Soft commodities are also reacting to the supply disruption. Remember, Russia and Ukraine produce massive quantities of wheat, of corn and sunflower oil. Their combined production is estimated to account for 10% of globally traded calories. Russia is also the world’s largest producer of fertilisers. Wheat prices have surged more than 50% over the course of the past two weeks, corn is at its highest level in a decade, all of which has significant ramifications for both inflation and food security, particularly in developed nations.
Surging inflation and falling growth is adding further complexity to the balancing act being performed by central bankers. However, the European Central Bank provided a hawkish surprise after forecasting that the war will only have a mild macro impact and projected inflation will stabilise at its 2% target over the medium term.
The European Central Bank unexpectedly said it would slow down its bond buying from the start of May. We now expect the ECB to end its quantitative easing in June and July. On rates, officials now say any hikes will be gradual and take place ‘some time’ after bond purchases end rather than ‘shortly’ after. We expect rate hikes in Europe to be postponed out until 2023.
So that was the global economy and financial markets last week. In order to discuss the key stress points and possible areas of opportunity for investors I’m pleased to be joined by Dorothee Deck. She’s the Cross Asset Class Strategist with Barclays Private Bank.
Dorothee, great to have you with us today. Given the significant pullback that we’ve seen in terms of equity markets since the start of the year, is now a good entry point?
Dorothee Deck (DD): So thanks a lot, Henk, good to be here. The short answer to your question is that it’s too early to tell. The near term outlook for risk assets has significantly deteriorated following the invasion of Ukraine, so in the near term and until we have more clarity on the geopolitical front we remain cautious on risk assets.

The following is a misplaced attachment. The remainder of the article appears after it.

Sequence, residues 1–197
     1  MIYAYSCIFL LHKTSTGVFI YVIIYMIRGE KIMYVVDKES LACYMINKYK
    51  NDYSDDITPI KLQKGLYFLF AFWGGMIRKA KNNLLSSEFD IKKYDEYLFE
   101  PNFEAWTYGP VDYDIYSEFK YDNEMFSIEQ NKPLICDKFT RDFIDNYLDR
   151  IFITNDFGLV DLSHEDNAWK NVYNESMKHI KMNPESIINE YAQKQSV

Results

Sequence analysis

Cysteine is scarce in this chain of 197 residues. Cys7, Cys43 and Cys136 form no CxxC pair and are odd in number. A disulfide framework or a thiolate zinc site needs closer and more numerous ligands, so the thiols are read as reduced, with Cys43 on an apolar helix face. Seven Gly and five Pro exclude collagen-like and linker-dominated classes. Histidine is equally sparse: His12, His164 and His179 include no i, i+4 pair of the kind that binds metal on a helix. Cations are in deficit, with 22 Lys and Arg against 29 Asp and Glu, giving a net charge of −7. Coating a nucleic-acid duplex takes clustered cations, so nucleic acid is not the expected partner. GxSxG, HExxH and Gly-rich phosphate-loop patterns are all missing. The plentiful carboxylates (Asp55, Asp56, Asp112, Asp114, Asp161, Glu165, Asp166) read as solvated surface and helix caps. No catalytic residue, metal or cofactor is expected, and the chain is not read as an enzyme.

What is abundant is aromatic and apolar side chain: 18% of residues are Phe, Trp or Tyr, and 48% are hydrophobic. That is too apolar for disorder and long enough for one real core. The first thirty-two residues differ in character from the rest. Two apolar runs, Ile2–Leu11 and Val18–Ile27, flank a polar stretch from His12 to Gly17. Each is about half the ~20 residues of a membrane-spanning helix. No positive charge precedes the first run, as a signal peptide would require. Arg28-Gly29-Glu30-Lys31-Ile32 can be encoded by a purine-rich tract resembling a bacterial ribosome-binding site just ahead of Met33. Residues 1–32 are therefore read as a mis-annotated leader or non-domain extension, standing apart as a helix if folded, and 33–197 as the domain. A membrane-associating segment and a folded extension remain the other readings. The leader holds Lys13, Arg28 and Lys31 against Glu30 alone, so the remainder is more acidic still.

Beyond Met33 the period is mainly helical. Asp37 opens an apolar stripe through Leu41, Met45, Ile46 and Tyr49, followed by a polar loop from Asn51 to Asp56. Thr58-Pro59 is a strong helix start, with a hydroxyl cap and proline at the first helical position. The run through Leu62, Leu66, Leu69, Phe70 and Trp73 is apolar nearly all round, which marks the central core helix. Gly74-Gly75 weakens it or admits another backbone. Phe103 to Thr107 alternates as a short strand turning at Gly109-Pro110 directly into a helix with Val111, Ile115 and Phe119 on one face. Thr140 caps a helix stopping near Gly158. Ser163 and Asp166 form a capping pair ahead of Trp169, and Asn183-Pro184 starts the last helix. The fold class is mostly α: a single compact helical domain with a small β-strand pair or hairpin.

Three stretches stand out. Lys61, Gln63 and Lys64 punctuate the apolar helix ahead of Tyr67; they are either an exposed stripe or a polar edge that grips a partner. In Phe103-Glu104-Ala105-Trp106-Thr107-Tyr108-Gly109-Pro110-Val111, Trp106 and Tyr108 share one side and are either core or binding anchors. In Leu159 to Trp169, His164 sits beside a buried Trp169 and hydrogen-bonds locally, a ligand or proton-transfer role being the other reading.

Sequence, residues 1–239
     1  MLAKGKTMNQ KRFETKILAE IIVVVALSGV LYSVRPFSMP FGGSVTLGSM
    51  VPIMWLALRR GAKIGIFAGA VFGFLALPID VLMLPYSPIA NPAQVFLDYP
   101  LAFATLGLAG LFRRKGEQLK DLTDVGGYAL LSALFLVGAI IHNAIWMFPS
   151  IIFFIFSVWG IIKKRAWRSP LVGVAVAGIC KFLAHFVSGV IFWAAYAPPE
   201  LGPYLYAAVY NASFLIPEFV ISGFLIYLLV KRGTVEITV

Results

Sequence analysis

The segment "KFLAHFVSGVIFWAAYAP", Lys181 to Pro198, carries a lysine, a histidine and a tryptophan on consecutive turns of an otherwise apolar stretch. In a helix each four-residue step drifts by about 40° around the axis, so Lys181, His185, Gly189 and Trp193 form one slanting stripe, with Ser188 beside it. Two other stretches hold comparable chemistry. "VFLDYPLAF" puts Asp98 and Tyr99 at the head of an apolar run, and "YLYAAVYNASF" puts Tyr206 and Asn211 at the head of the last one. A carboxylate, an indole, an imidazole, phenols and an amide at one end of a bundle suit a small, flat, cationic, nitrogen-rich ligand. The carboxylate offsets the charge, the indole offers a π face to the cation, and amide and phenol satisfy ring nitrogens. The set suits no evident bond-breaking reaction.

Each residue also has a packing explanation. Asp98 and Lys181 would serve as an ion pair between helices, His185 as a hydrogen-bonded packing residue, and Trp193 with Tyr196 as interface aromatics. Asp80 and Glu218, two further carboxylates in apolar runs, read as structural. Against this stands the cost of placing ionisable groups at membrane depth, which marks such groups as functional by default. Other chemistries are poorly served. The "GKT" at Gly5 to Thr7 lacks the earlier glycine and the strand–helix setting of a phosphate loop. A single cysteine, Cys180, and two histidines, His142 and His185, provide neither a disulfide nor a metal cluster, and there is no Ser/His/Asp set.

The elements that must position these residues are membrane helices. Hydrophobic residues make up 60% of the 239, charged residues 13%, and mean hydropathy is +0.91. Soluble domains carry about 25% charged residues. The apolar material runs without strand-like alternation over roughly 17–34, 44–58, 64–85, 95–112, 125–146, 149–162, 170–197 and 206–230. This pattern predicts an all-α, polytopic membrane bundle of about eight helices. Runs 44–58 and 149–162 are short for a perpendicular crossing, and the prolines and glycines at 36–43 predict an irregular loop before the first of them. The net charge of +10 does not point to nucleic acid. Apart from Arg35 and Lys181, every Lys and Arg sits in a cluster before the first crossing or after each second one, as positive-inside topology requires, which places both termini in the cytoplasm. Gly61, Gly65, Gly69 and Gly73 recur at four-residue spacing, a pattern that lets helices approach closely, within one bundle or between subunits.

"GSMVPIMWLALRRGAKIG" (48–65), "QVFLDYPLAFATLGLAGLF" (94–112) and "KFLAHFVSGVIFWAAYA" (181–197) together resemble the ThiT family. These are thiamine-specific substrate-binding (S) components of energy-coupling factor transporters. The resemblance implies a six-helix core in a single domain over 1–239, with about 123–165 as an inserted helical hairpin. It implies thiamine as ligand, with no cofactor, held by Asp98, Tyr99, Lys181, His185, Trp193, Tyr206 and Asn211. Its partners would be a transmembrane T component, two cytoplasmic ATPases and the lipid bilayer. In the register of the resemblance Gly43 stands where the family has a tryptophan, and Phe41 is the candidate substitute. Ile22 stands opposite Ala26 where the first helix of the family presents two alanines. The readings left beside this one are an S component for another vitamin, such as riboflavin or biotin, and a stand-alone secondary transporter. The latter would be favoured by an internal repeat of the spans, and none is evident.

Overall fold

However, on the 12 month horizon we maintain our constructive view on equities.
So put the situation in context, global equities are now down 12% year to date. The correction started after the hawkish stand from the Fed and other central banks as the market became increasingly concerned about the risk of excessive policy tightening.
Those risks were further exacerbated by the Russian invasion of Ukraine as the conflict led to a substantial increase in the price of energy and commodities in general which add to the growth and inflation scare. So basically, the magnitude of this impact will depend on the duration of the conflict but if the energy crisis deepens or becomes more entrenched it has the potential to push growth momentum below trend and precipitate a recession, and that’s the scenario that the market has started to price. So the narrative has changed very quickly from inflation to stagflation or even recession.
So the difficulty for investors today is that there are a wide range of possible outcomes which depend on the duration of and the evolution of the conflict as well as the policy response. So for now our base case is that the geopolitical situation will improve over the next few months and that global growth will remain above trend and on that basis we remain constructive on equities on a one year view.
However, we also recognise that the uncertainty around our central case has increased and that adverse events could have an outsized impact on portfolios and that’s why we believe investors should position for an extended period of high volatility as price action will be driven by headlines for some time and with that in mind we encourage investors to stay invested but keep hedges in place and increase diversification in portfolios.
We also favour a more balanced positioning in portfolios and an increased exposure to the more defensive areas of the markets.